Tulsa’s stand-up comedians aren’t the only ones bringing the funny. Local improvisation troupes are also attracting laughs with their interactive performances.
In 1989, Julie Tattershall made Tulsa laugh out loud with the city’s first adult comedy improvisation troupe.
“No one was doing improv,” says Tattershall, artistic director for Hellerand Clark theatres. “So I decided to start Laughing Matter.”
Now, more than 200 adults (and counting) have performed for local audiences, while expanding their live comedy and acting skills.
“It’s considered a training ground for people with either a lot or no experience in improv and theater,” she says. “We teach them performance improv skills and acting skills.”
While most adults stay with her troupe for about two years, she says Heller Adult Laughing Matter Improv is a springboard for many of its group members to form their own improv troupes. The group has even evolved into a separate teen comedy improv troupe at Clark Theatre, which Tattershall also oversees.
Tattershall is certainly familiar with the stage. She performed as an actress in Chicago and with the famed comedy theater Second City, of which notable comics such as Joan Rivers, John Candy, Stephen Colbert, Steve Carell and Tina Fey are alumni.
Tattershall now implements her improv training with Heller Adult Laughing Matter Improv.
“What you build is character and trust on stage,” she says. “We stress character development and trusting your partner on stage.”
The comedy troupe of about 15 performers meets from 5:30-7 p.m. on Wednesdays, during which time they practice for an hour-and-a-half show, with up to 20 improvisation games. All games require suggestions from the audience, which serve as the jumping-off points for the short-form improv.
“Improv is interactive, and that’s what makes it so fun,” Tattershall says. “So much of today’s entertainment comes from the flat screen, but this is live interaction between actors and an audience.”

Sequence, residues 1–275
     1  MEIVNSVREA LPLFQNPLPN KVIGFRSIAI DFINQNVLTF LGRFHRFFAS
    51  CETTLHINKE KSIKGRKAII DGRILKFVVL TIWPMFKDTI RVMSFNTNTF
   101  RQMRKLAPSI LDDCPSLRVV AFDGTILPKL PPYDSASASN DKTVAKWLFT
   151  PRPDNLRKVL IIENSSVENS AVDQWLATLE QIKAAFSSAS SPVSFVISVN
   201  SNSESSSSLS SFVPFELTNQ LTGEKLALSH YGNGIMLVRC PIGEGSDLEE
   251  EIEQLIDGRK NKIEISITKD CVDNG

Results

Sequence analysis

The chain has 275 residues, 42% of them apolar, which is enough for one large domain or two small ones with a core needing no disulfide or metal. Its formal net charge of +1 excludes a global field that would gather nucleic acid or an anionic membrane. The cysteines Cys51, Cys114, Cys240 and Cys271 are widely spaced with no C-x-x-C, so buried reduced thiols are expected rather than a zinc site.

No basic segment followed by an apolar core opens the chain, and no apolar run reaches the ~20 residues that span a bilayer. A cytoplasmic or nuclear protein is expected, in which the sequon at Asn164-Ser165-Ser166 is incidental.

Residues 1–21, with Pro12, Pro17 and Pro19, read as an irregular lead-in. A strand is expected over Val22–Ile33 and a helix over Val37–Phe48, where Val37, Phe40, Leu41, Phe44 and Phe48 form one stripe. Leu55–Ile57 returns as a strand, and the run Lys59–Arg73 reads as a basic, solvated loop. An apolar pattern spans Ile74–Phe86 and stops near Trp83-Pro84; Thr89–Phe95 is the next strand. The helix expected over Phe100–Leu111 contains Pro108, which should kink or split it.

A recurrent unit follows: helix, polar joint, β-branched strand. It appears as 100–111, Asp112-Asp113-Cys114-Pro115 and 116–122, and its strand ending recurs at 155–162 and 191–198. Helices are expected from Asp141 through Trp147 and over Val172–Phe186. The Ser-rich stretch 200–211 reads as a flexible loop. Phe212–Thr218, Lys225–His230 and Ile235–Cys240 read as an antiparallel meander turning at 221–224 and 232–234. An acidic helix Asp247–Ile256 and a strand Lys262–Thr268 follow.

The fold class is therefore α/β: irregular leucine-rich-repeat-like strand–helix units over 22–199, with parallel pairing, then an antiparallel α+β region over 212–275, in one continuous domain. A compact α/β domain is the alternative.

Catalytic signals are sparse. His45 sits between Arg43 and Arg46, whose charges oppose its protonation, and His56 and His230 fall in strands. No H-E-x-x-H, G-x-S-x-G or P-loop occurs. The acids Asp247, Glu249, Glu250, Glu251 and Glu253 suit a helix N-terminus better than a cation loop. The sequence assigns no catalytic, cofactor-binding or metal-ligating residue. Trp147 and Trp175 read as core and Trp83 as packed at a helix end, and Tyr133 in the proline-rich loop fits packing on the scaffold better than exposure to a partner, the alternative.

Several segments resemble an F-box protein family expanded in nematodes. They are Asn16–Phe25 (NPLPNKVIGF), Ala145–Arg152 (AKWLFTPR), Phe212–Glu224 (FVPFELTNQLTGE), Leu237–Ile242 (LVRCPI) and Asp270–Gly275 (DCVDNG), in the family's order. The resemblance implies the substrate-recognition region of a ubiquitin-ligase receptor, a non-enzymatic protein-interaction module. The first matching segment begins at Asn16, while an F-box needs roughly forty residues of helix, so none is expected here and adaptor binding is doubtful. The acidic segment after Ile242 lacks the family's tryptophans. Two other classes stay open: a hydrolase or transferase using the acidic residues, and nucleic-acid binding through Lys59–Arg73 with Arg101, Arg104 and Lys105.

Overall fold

Although this season is over, the group plans to celebrate its 20th year in the fall, when Heller Theatre moves to its new home at Henthorne Community Center.
“It’s going to be a big celebration,” Tattershall says. “We plan to bring our alumni back for a big show.”
You don’t have to be an adult to make people laugh. In fact, some of the funniest things come from the creative minds of local kids.
Nobody knows this better than Frank Gallagher, co-director of Clark Theatre’s comedy improvisation troupe for area youth.
He says kids have imaginations that haven’t been pushed, and they are often more spontaneous than adults, who tend to lose their imaginative ability.
“It’s surprising how creative and funny they can be,” he says.
The teen troupe, known as Clark Teen Laughing Matter Improv, started in 2005 at Heller Theatre. When the troupe moved to Clark Theatre, Gallagher continued his role as co-director, through which he teaches improvisation games, selects the games the troupe performs and determines which troupe members have more than just comedic talent that benefits a game.
“Some games require vocal talent and some require physical work,” he says. “We even have games that need kids who are good at speaking gibberish.”
Improvisation games range from character portrayal to how to react in certain situations. One example of a character game may involve an improv member acting as a “party host.” While the “host” leaves the room, the audience provides unique traits for other improv members to act out. When the “host” returns,the improv members act out clues for their “host” to guess which person has what trait.
“Sometimes the games don’t always work, butit’s surprising how often it does,” Gallagher says. “It’s about making connections with people onstage and someone says something so unusual it makes everyone laugh.”
Gallagher says that about 25 kids attend the troupe’s classes, which are held every Saturday at Clark Theatre. Children ages 11 to 14 meet from 11 a.m.-noon, while the 15 and older group meets from 1:30-2:30 p.m. No tryouts are necessary to join the troupe, which gives kids an opportunity to be spontaneous and creative, Gallagher says.
“It’s no work and all play,” he says. “It’s an easy form of free creativity.”
Be sure to catch the troupe’s last performance of the season June 26 at the Charles E. Norman Theatre in the Tulsa Performing Arts Center.Tickets cost $10 at www.MyTicketOffice.com or contact the PAC box office at 596-7111.